It fits a pattern that has been playing out among EU officials in recent days — concede, trim, downplay and, under no circumstances, antagonize the farmers. The EU has rolled back or rescinded several key environmental rules in response to the protests, while noticeably adopting a farmer-friendly tone in its messaging.
Yet on the floor of the European Parliament Tuesday, the pedestrian politics of Europe’s coming elections collided with planetary physics in a resounding clash. The details of the plan that EU Climate Commissioner Wopke Hoekstra was there to endorse made clear that farmers, like every other part of the European economy, will eventually face the need to drive down their emissions.
Yet even as he gave a full-throated, scientifically-backed recommendation for the EU’s target, Hoekstra insisted this was just the beginning of a conversation.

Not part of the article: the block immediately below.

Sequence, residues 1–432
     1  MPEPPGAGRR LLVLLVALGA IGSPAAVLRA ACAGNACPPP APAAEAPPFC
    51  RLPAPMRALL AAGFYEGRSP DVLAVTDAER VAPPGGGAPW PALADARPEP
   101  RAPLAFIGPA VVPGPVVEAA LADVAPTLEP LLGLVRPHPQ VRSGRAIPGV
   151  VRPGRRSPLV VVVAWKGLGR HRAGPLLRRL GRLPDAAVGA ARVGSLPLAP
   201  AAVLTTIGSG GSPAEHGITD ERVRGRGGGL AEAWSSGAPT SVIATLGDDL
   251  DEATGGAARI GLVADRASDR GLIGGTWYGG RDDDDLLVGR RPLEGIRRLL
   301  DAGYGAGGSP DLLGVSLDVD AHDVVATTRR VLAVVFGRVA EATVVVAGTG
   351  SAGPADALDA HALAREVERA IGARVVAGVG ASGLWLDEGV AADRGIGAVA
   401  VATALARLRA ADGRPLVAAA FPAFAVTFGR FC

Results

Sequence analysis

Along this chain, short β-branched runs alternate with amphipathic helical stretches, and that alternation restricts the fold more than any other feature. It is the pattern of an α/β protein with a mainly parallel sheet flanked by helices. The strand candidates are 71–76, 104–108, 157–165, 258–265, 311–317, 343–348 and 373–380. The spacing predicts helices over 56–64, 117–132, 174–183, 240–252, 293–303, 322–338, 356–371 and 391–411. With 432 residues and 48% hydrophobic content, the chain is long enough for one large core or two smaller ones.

“Let me stress that word: a dialogue,” he told the European Parliament, adding, possibly with relief: “The decision to come up with a legislative proposal will be for the next Commission.”
They can talk all they want, though. A fight is coming.
“You deleted everything on agriculture,” said Bas Eickhout, a lead election candidate for the European Greens, as he chided Hoekstra during Tuesday’s parliamentary session. “You put it away in this communication, but that doesn’t make the problem go away.”